For the traveler who also claims membership as an art lover, there are cities, museums and even individual works that become important destinations. For some, these hallowed targets could include the Louvre and the Mona Lisa, Florence and Michelangelo’s David, New York’s MOMA with Van Gogh’s Starry Night, Madrid and Picasso’s Guernica or Chicago’s Art Institute and Hopper’s Nighthawks. There are too many to name, but for the art tourist, seeing these words can be as exciting and profound as gazing at the Pyramids or the Great Wall of China.
There is an assemblage of masterpieces currently organized in London at the Royal Academy of Art that art-centric travelers from around the world should make a point of seeing before it ends come the New Year. The current exhibition in the Academy’s main gallery space – Abstract Expressionism – is the finest gathering of that movement’s greatest proponents and masterworks. It serves as the most thorough exploration of that era seen in any museum during the last 50 years — and it could be another 50 before we see anything like it again.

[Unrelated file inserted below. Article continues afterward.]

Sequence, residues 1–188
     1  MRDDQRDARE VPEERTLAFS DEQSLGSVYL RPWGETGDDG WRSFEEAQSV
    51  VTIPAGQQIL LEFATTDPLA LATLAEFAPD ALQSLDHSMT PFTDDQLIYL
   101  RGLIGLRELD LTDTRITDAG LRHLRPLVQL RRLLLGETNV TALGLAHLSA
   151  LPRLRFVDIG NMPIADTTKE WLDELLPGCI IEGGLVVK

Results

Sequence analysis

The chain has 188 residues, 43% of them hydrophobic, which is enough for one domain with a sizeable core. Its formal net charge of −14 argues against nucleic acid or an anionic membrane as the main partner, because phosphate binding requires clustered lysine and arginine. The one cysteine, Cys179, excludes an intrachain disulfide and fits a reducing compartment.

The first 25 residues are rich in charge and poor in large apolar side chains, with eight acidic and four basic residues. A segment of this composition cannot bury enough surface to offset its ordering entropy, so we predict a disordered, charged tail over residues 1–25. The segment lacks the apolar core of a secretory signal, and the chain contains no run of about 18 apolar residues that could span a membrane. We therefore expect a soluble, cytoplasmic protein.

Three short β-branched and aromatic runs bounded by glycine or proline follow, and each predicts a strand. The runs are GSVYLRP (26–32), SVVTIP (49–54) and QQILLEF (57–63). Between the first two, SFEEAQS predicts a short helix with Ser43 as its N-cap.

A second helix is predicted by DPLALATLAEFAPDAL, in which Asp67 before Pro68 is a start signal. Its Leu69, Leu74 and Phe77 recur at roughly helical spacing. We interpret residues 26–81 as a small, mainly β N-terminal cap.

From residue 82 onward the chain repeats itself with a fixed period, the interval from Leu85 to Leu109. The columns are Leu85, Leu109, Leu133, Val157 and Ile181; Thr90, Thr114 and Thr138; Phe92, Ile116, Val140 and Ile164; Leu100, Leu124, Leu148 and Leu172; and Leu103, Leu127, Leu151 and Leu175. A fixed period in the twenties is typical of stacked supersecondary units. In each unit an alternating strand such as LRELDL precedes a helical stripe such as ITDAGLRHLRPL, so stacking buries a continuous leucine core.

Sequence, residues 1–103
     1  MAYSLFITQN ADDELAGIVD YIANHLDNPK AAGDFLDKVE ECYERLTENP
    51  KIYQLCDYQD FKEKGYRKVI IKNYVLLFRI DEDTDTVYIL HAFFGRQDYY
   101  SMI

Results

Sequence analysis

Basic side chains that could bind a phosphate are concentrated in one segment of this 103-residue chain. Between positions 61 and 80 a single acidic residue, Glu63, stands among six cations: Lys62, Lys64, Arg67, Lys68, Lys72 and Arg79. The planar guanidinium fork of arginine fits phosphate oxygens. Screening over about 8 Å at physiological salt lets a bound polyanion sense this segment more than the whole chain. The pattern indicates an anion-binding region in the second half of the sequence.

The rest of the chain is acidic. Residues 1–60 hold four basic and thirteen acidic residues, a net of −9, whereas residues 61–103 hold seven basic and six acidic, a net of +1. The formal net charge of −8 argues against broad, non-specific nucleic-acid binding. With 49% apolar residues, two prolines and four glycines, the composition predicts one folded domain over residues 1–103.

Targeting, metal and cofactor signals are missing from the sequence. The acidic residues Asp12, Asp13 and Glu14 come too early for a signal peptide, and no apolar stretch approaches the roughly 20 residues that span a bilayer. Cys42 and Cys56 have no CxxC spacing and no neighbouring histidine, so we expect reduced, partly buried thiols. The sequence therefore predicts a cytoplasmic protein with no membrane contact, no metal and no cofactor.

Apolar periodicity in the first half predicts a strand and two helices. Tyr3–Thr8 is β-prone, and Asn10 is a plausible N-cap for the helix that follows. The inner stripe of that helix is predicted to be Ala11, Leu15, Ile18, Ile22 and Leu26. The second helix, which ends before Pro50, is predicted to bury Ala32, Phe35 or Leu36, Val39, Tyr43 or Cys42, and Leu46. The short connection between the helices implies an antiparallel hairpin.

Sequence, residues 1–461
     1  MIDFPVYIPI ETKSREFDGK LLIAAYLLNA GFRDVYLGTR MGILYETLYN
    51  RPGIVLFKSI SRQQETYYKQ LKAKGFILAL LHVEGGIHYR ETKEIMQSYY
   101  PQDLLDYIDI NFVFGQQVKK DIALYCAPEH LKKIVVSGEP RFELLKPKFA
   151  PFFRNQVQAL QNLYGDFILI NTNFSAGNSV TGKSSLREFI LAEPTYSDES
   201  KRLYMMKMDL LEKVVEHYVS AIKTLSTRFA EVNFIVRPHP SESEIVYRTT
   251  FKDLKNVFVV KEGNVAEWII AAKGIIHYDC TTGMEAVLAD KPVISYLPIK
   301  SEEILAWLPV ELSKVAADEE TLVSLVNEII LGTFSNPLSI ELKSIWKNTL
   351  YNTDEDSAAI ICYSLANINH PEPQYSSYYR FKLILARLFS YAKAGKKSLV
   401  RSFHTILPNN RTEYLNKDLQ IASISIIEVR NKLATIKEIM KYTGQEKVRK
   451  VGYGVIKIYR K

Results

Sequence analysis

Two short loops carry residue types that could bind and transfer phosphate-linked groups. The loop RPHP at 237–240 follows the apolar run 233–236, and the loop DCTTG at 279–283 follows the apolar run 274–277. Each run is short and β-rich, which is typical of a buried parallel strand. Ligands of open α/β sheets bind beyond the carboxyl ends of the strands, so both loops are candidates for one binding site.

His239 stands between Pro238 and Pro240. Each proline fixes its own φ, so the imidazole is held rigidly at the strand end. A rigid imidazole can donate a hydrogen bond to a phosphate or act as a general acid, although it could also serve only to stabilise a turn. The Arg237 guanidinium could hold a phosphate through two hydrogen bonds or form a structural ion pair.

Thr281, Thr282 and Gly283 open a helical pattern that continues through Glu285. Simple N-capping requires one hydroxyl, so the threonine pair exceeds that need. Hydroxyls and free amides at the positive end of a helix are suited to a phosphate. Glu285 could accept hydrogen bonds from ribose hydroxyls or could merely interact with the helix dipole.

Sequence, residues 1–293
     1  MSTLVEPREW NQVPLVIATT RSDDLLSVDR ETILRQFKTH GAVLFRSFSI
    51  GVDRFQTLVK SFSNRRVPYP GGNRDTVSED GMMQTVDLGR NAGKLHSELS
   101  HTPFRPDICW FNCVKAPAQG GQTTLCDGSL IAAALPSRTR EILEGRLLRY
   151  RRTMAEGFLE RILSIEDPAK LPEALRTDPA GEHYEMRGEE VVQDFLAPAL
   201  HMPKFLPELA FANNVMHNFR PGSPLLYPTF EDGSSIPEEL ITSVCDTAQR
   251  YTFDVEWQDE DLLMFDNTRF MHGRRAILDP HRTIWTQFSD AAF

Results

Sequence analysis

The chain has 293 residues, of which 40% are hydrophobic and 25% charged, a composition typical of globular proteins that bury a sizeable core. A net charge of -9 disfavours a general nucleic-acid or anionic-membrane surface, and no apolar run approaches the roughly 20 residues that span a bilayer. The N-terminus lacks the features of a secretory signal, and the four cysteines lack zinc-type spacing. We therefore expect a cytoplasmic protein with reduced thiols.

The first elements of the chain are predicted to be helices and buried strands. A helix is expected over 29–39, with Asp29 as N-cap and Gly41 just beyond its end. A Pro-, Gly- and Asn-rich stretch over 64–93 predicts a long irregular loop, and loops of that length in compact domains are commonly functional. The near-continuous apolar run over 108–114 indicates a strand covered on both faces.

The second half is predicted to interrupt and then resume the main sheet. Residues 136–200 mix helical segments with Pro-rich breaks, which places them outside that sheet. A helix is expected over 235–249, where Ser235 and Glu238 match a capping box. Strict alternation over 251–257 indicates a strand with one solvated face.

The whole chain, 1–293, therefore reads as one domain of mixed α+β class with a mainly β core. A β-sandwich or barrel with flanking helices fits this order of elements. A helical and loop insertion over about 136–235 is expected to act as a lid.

Gathered via a mix of loans and exchanges, Abstract Expressionism brings together the most prominent works of Jackson Pollock, Lee Krasner, Arshile Gorky, Clyfford Still, Mark Rothko, de Koonig and other major players. The show explores whether Abstract Expressionism was a defined artistic movement or a longer term evolution of aesthetics that continues to this day. Regardless, the art that started coming out of the U.S. after the World War II would change painting and the understanding of it forever.
The Royal Academy puts its tremendous prestige and network of connections to work to put many of the movement’s most prominent pieces together inside its walls. It could be easily argued that the crown jewels of the show and the history of Abstract Expressionism face themselves on opposing walls of the gallery’s heart. Jackson Pollock’s two highest achievements – Mural (second from the top) and Blue Poles (bottom) — bookend his brief sky rocket career and the golden age of Abstract Expressionism. The former came to London from the University of Iowa, while the latter left fro Australia. They hand facing each other for the first and perhaps final time.
Currently on display, Abstract Expressionism runs at the Royal Academy of Art along Piccadilly through Jan. 2, 2017. After that, the show’s treasures will disperse back out into the world again. For an art lover, the show is a chance to see those Pyramids and that Great Wall in one building.